To all, I wish you happy holidays, and a viable New Year.
My favorite blogging opportunity this year was being able to mess around with Javascript and scientific graphics. It's colorful, but I hope that it does convey a lot of information in a fairly small space. Anyway that's the aim.
So I've overhauled the gallery of examples during the year that I maintain. It's no longer practical to have these all on one page, so I've made separate pages, with a tableau of images you can click on to reach them. The gallery is here, but I'm showing the tableau below.
Finally, I guess I should provide something Christmassy. Here's Enya:
Saturday, December 24, 2011
Tuesday, December 20, 2011
November GISS is out  down 0.07°C from October
The other surface indices were in notable unison. TempLS was down by 0.124°C, NOAA by 0.13°C and HADCrut by 0.122°C. Satellites showed less change. Here's the plot:
I had been using the GISS index based on V2 of GHCN, but that was discontinued this month. This caused a few days delay as my script, looking at the V2 file, said there was no change. There doesn't seem to be any great discontinuity caused by the change. Of course I'll be using the V3 version in the future.
Below the jump I'll show the comparison of the GISS and TempLS spatial distributions. This month I did another much more detailed spatial distribution based directly on station readings.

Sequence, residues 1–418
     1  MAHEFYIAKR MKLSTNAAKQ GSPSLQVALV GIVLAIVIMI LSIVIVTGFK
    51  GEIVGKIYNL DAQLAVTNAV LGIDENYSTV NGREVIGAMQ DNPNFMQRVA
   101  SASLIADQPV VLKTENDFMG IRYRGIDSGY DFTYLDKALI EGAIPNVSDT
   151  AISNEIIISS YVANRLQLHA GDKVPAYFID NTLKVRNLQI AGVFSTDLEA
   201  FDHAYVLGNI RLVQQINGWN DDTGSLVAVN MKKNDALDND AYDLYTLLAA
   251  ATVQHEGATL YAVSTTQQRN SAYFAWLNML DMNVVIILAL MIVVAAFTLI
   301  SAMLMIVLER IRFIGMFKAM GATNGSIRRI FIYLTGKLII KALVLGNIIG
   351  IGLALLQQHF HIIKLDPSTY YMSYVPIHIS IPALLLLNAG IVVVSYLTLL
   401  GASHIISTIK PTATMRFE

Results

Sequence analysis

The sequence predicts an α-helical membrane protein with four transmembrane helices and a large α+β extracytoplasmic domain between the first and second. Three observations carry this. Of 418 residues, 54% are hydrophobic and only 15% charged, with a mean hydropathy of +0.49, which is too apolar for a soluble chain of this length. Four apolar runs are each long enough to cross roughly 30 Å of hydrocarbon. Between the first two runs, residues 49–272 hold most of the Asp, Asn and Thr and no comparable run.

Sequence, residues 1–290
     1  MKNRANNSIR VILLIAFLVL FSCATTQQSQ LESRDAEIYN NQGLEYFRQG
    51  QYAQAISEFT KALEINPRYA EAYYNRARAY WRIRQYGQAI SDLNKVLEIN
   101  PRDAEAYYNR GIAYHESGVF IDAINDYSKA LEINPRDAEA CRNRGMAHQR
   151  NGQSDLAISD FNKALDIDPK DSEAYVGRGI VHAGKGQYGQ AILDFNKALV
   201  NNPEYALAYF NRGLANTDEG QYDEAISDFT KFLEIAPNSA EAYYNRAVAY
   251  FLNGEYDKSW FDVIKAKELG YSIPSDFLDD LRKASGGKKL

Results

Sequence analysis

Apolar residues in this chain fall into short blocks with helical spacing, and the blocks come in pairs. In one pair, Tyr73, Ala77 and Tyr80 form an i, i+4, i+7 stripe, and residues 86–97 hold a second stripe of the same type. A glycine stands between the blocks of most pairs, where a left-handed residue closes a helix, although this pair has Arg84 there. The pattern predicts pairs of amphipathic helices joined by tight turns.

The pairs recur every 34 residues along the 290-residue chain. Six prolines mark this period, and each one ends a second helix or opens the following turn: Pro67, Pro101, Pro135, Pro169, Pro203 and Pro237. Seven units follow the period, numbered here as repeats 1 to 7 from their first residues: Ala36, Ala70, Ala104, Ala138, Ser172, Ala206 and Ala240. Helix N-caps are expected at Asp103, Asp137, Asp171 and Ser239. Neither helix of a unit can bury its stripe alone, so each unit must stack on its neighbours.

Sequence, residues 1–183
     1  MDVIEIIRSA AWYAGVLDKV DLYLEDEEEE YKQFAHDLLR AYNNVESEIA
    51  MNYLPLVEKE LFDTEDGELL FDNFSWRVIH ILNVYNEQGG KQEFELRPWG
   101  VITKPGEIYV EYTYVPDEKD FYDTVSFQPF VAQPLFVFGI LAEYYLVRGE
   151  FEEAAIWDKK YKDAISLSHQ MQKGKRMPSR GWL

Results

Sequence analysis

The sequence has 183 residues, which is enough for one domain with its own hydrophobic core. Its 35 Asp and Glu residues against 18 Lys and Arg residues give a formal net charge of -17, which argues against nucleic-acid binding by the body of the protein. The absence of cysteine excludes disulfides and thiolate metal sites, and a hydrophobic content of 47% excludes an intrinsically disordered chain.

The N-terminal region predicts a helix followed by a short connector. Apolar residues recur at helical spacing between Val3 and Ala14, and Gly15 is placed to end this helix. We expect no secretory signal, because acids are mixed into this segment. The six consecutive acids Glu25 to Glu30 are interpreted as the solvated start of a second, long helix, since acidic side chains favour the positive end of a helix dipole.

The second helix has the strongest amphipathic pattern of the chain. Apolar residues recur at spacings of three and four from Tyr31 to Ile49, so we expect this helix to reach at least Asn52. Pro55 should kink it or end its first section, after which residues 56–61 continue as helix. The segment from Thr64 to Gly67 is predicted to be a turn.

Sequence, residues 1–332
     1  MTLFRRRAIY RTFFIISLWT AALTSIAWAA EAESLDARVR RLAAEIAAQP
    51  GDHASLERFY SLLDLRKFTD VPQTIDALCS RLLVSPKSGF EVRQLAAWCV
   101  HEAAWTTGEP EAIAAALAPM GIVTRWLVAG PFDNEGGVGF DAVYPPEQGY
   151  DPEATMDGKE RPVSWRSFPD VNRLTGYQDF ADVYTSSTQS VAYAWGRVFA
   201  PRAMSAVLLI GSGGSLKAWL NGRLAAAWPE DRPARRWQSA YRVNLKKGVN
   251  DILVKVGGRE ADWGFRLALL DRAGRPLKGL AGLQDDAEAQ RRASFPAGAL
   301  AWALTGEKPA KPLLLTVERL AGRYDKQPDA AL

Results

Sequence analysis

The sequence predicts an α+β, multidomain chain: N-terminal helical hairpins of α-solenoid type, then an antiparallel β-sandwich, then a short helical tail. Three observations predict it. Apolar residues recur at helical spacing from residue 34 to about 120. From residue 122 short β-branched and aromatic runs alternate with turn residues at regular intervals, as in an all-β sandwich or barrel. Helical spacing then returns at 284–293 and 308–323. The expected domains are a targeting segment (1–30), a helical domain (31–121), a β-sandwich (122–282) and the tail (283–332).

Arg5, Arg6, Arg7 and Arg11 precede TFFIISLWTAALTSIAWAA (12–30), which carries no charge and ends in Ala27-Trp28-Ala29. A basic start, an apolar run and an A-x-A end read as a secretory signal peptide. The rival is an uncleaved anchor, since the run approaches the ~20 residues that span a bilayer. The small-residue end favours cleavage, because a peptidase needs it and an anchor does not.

Here is the GISS plot of temperature distribution for November 2011:
And here is the TempLS version, using the GISS base years and levels.colors. I use a standard scale, and this is the first time I have overrun  the white patch over the Caucasus. I was reassured to find that GISS also used it's extreme color there. I did the map fairly this month (about 8th) but it still works fairly well.
September
August
More data and plots
I had been using the GISS index based on V2 of GHCN, but that was discontinued this month. This caused a few days delay as my script, looking at the V2 file, said there was no change. There doesn't seem to be any great discontinuity caused by the change. Of course I'll be using the V3 version in the future.
Below the jump I'll show the comparison of the GISS and TempLS spatial distributions. This month I did another much more detailed spatial distribution based directly on station readings.
Here is the GISS plot of temperature distribution for November 2011:
And here is the TempLS version, using the GISS base years and levels.colors. I use a standard scale, and this is the first time I have overrun  the white patch over the Caucasus. I was reassured to find that GISS also used it's extreme color there. I did the map fairly this month (about 8th) but it still works fairly well.